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Embed code for: I remember when I was five
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I remember when I was five, my mother pulled me out of kindergarten on a Wednesday morning. She silently walked me to the car and then with a huge smile, announced that we were going to spend the day driving down to the ocean. I had just discovered my love of the beach—collecting shells, digging for crabs, that sticky but awesome feeling of salt on my skin. It was just the two of us, my brothers weren’t invited.
My mom was that playful kind of mom. Every year she took us out of school for our own personal hooky day. She built forts, made blue pancakes for dinner, and read to us every night for hours. She didn’t always lead a happy, playful life. I learned later that she grew up with unhappy, depressed parents. She led a lonely childhood. Never had a birthday party. She told me one day she ran home after getting hit in the eye with a rock, but her mother was asleep, unresponsive in her dark room. She realized that her mother was never going to really be there to help or comfort her.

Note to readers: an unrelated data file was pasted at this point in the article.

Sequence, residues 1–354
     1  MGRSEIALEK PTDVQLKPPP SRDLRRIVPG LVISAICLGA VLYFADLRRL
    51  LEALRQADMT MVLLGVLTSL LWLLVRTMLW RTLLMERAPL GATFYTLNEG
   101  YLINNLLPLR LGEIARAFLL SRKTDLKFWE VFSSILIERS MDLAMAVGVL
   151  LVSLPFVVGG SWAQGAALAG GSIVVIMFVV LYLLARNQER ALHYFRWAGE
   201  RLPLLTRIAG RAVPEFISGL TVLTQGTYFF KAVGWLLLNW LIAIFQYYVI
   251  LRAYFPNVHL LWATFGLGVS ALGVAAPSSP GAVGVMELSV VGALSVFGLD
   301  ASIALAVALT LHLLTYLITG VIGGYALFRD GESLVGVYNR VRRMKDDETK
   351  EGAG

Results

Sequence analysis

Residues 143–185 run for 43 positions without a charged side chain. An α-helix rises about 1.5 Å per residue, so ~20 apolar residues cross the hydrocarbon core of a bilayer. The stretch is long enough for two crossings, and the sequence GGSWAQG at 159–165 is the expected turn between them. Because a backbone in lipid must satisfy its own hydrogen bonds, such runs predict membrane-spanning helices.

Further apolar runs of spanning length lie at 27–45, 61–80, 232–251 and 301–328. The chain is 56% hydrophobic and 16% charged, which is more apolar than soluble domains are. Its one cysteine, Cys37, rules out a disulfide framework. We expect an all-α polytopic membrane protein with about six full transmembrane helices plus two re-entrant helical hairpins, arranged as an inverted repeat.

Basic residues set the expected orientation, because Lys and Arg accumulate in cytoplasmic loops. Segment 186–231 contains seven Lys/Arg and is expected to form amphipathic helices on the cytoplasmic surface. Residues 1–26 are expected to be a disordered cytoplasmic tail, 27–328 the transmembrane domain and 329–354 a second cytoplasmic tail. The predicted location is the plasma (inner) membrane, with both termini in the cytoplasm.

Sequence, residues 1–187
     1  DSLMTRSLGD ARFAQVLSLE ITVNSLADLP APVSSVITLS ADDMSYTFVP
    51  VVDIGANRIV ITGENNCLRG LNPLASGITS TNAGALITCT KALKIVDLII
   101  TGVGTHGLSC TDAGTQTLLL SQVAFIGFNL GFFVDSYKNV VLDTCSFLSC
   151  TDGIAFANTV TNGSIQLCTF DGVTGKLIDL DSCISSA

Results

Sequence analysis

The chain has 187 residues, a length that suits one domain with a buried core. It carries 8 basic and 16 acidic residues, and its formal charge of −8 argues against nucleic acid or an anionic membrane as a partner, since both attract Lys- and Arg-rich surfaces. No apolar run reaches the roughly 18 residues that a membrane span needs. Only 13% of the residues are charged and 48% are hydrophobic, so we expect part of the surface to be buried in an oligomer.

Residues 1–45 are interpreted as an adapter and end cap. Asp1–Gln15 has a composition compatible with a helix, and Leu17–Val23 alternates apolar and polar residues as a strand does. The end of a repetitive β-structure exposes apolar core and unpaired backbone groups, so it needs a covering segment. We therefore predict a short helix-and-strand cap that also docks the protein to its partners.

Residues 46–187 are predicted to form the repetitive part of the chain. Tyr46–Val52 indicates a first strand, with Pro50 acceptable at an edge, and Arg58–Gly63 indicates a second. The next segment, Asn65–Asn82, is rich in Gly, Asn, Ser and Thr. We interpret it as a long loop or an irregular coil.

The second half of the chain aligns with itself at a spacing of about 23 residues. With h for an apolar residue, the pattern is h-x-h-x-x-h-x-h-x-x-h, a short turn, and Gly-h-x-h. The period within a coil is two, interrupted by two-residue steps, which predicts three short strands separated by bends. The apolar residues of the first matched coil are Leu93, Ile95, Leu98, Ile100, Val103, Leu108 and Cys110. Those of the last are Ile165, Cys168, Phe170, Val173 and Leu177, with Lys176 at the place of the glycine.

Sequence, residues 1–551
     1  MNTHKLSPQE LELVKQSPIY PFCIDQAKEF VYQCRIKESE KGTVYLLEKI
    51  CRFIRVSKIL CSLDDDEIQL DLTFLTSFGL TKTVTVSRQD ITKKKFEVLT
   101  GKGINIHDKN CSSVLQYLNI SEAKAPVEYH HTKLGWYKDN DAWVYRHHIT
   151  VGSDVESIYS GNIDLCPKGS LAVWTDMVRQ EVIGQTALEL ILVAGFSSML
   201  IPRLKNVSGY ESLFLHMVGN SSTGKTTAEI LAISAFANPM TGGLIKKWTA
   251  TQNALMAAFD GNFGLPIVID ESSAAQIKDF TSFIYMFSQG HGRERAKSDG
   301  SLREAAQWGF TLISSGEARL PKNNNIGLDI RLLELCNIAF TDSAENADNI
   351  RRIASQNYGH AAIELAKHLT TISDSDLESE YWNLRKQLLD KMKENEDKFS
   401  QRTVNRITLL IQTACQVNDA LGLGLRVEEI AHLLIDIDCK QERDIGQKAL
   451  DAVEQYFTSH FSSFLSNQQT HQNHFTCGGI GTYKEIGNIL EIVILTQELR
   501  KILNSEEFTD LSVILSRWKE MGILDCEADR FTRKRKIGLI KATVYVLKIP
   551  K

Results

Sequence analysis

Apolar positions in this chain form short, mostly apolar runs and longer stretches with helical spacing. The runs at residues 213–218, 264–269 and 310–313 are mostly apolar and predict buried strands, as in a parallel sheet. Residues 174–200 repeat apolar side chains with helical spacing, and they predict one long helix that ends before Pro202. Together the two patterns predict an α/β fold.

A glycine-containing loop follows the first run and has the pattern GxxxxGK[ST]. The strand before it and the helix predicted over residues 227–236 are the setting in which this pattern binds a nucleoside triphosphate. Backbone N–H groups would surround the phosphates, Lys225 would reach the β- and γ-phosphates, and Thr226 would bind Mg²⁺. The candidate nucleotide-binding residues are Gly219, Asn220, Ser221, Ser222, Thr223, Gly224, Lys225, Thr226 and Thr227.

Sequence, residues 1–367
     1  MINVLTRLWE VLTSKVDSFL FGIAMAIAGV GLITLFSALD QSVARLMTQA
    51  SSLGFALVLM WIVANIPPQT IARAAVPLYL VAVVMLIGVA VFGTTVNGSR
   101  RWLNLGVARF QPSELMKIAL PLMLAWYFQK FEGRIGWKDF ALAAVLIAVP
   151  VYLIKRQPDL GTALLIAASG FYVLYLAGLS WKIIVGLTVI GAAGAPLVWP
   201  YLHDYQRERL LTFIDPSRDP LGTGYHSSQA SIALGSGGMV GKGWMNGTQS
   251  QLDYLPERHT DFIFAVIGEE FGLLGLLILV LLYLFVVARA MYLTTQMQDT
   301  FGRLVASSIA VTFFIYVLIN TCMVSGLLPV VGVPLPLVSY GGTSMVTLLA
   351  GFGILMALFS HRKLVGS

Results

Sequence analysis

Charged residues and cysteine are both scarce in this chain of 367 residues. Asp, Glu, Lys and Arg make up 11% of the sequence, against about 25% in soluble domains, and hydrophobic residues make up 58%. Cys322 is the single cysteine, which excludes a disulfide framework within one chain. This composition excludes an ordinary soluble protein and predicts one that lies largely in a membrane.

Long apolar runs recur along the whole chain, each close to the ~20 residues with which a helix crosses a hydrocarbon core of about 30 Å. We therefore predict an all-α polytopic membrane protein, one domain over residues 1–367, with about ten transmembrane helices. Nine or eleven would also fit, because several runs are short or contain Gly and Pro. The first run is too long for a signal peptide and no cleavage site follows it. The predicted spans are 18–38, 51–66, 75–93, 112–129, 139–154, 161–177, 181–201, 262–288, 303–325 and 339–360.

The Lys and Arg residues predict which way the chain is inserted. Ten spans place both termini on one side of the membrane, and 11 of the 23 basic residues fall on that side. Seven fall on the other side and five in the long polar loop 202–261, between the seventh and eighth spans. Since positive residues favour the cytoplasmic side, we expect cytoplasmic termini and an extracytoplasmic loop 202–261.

Deep down my mom was a joyful person and couldn’t stand to live life so sad. When her mother forgot her birthday, my mom planned her own party. She got into a big fight one day when ten girls from 4th grade came home with her on the bus for a “birthday party”. Her mother was furious that all these kids were in her quiet house. My mom cut up oranges and poured milk—the only things she could find to feed her friends. After that day, some of those friends left my mom. They thought she was weird and didn’t want to hang out with someone who didn’t even have a proper birthday cake.
One day in high school, a teacher told her “We all have two opportunities to have a happy childhood. One is to have good parents. The other is to BE a good parent.” She decided after that that she would wait for all the fun kid things and do them all when she had little kids. It made her feel excited and hopeful that she really could have that happy childhood after all.